In proctocolectomy, the large intestine and rectum are removed, leaving the lower end of the small intestine (the ileum). The doctor sews the anus closed and makes a small opening called a stoma in the skin of the lower belly. The surgery to create the stoma (or any other artificial opening) is called an ostomy.
The ileum is connected to the stoma, creating an opening to the outside of the body. The surgery that creates the opening to the intestine is called an ileostomy.
Stool empties into a small plastic pouch called an ostomy bag. The bag is applied to the skin around the stoma.
What To Expect
You may stay in the hospital for several days or as long as 2 weeks.
The main use of this surgery is for inflammatory bowel disease. It may be used in several situations, such as when medicines don't help ulcerative colitis or Crohn's disease, or when holes form in the large intestine.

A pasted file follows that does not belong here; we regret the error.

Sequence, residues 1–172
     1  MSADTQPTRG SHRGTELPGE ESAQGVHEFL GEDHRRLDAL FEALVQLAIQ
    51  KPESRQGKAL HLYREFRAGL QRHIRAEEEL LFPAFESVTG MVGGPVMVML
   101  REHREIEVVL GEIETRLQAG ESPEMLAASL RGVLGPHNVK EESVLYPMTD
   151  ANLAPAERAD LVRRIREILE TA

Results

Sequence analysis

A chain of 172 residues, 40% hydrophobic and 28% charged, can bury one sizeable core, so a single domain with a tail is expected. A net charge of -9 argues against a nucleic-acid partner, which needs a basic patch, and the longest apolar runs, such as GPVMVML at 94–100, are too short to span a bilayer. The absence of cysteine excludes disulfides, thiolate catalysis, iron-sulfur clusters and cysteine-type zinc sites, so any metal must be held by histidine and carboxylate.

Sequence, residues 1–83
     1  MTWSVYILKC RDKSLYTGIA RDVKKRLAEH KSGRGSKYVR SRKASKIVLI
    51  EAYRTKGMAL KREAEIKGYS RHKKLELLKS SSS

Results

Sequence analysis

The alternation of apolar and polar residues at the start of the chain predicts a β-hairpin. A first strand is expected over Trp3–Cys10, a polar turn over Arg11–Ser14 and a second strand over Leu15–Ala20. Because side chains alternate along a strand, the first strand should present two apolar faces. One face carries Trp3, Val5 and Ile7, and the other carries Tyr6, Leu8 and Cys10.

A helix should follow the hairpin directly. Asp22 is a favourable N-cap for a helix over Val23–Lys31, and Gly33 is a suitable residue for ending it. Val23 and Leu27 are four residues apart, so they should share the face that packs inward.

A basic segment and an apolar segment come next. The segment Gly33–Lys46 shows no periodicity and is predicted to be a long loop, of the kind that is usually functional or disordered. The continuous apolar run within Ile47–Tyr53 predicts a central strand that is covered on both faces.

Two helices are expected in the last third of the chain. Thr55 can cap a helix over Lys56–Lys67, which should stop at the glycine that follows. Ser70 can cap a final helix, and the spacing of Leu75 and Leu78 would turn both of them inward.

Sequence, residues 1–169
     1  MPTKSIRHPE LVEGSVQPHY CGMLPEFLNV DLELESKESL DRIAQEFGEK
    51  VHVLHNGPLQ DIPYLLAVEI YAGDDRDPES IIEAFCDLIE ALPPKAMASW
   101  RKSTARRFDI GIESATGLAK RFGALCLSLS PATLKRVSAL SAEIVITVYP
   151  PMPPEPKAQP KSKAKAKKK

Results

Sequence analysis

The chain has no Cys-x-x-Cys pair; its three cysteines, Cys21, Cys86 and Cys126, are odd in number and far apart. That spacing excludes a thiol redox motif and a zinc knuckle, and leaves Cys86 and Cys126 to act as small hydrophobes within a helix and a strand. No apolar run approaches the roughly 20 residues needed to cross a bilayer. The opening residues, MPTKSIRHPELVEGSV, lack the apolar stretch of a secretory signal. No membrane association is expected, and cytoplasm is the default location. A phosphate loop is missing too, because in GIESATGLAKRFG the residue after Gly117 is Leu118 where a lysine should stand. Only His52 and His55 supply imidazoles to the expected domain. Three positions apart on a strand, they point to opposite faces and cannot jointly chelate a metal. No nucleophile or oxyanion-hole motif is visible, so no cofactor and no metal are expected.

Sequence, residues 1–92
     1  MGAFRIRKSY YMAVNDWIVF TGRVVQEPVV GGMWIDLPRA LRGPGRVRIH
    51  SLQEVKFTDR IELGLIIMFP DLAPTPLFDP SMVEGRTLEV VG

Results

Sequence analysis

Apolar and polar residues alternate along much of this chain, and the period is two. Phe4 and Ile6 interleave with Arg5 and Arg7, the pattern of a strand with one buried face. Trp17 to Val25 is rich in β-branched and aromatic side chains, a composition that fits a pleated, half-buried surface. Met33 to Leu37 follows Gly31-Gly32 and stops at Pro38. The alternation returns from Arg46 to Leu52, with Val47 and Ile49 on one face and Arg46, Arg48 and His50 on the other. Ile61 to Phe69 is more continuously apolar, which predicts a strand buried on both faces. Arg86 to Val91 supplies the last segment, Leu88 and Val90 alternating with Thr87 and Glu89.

Cima RR, Pemberton JH (2010). Ileostomy, colostomy, and pouches. In M Feldman et al., eds., Sleisenger and Fordtran's Gastrointestinal and Liver Disease, 9th ed., vol. 2, pp. 2015–2025. Philadelphia: Saunders Elsevier.
Current as of:
February 10, 2021
Author: Healthwise Staff Medical Review: E. Gregory Thompson MD - Internal Medicine Adam Husney MD - Family Medicine Kenneth Bark MD - General Surgery, Colon and Rectal Surgery
Healthwise, Healthwise for every health decision, and the Healthwise logo are trademarks of Healthwise, Incorporated.